Our guiding principle in developing welfare services is to build a caring community with self-sufficiency, dignity, harmony and happiness. Social welfare forms an important component in the Government's responsibility for social development as enunciated recently by the Chief Executive in his 2000 Policy Address, namely -
It is with this philosophy in mind and a budget strategy to shoulder special responsibilities towards the disadvantaged that social welfare has grown significantly over the last decade. In the ten-year period from 1992-93 to 2001-02, total recurrent expenditure on social welfare increased from $7.6 billion to $30 billion. As a result, welfare's share of total recurrent public expenditure increased from 8.3% to 13.8%. Of the estimated expenditure of $30 billion for 2001-02, about two-thirds or $21 billion will be spent on the social security schemes providing financial support to those in need. The remaining $9 billion is spent on a wide range of support services on Family and Child Welfare, Elderly Services, Rehabilitation, Medical Social Services, Services for Offenders, Community Development and Young People. These direct services are provided by SWD and 182 Non-Government Organisations (NGOs) under Government subventions. Estimated total recurrent subventions to NGOs in 2001-02 amounts to $7.2 billin. Departmental expenditure accounts for the remaining $2 billion in the social welfare budget.
Let me just illustrate to you how much we are doing for the needy with a $30 billion welfare budget -
But $30 billion is a significant share of public resources. From my previous job, I am acutely aware that the spending cake is finite. Every dollar spent on welfare is at the expense of other policy areas. It is therefore my duty to ensure the efficiency, economy and effectiveness of the welfare expenditure. It is in pressing ahead with securing optimal value for money in the delivery of welfare services that I find my previous Treasury job experience extremely helpful.
First, I believe in small government. Today's public administration must try to shorten the distance between the point where service is delivered and the other end where decisions are made. Delayering, streamlining and process re-engineering are common day reform measures. SWD had grown into a bureaucracy of 5,640 just before the turn of the century. We are now down to 5,300 and have plans to lose a bit more in the course of the year. Separately, we are planning a re-organisation which will see the three-tiered structure of Headquarters/Region/District delayer into a Headquarters and District structure. This will enable us to be more responsive to welfare needs in the district.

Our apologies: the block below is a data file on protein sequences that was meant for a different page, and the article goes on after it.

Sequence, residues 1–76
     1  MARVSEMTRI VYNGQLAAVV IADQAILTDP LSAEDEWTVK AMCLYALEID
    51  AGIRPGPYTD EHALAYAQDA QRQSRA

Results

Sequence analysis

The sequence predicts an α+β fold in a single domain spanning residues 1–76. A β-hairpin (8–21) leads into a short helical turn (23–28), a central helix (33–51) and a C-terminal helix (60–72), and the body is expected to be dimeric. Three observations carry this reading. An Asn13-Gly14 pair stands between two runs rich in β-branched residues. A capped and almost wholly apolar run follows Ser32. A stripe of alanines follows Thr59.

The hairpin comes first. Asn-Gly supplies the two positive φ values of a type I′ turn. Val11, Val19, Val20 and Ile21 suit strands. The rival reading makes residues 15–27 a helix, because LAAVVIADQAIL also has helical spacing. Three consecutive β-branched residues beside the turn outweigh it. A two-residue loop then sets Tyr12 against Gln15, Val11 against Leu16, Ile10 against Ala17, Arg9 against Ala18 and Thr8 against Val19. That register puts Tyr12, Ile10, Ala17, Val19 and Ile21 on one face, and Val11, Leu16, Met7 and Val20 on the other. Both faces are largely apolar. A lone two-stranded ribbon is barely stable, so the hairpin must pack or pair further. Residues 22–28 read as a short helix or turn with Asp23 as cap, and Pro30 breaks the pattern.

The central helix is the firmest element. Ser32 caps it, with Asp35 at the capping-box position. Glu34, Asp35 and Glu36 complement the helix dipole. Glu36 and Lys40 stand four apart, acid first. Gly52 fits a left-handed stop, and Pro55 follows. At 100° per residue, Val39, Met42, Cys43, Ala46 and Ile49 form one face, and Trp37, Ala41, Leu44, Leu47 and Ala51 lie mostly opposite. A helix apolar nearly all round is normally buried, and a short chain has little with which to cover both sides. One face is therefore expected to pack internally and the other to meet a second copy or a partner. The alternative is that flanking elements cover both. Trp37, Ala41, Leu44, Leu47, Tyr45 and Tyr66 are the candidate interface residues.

Secondly, we should focus on what we are getting rather than what we are paying. An outcome-focused and result-oriented approach in managing welfare services has been adopted for both departmental and subvented services. We have successfully put in place a new subvention system, what we call the Lump Sum Grant, that will give NGOs the necessary flexibility in resource deployment. This new subvention mode which once raised serious concerns is now the mainstream subvention system in the welfare sector, practised by 126 NGOs who together account for over 90% of welfare subventions.
Thirdly, I believe that open and fair competition in a regulated environment which has made Hong Kong tick will work equally well in social welfare. The system of distributing new welfare service units to NGOs in a conventional manner is something of the past. NGOs that are interested to operate new welfare services must now go through a vigorous quality-based competition based on service specifications, innovation and value-added features.
Fourthly, welfare services can also benefit from private sector participation which, through its enterprise and efficiency, can come up with more economical solutions to deliver a public service. Of course in an area of human services generally patronised by the disadvantaged, we need to pay particular attention to specifying service requirements and monitoring performance. In this respect, we have successfully contracted out the home care and meal services achieving productivity gains of more than 20%. We will shortly be inviting both NGOs and private sector to bid for the operation of new Government purpose-built residential care homes for the elderly.
Finally, there is a general consensus within the community that we do not wish to see Hong Kong become a welfare state relying on heavy taxes, that there is a limit to how much the Government can spend and that the virtues of self-reliance, family cohesion and community support should be preserved. To this end, I believe that all of us in the welfare sector have to ensure that we are promoting, not impeding, the individuals' will and capacity to stand on their own feet. It is against this background that we have adopted since June 1999 a Promoting Self-Reliance strategy under the Comprehensive Social Security Assistance Scheme. Through active employment assistance, the CSSA unemployed caseload has dropped by some 30% since then.
I thank the Hong Kong Democratic Foundation again for inviting me to speak during your luncheon. This is a distinguished gathering that through its regular Newsletter and luncheons provide a much-needed forum for rational discussion and policy debates.
The above does not necessarily represent the views of the Foundation
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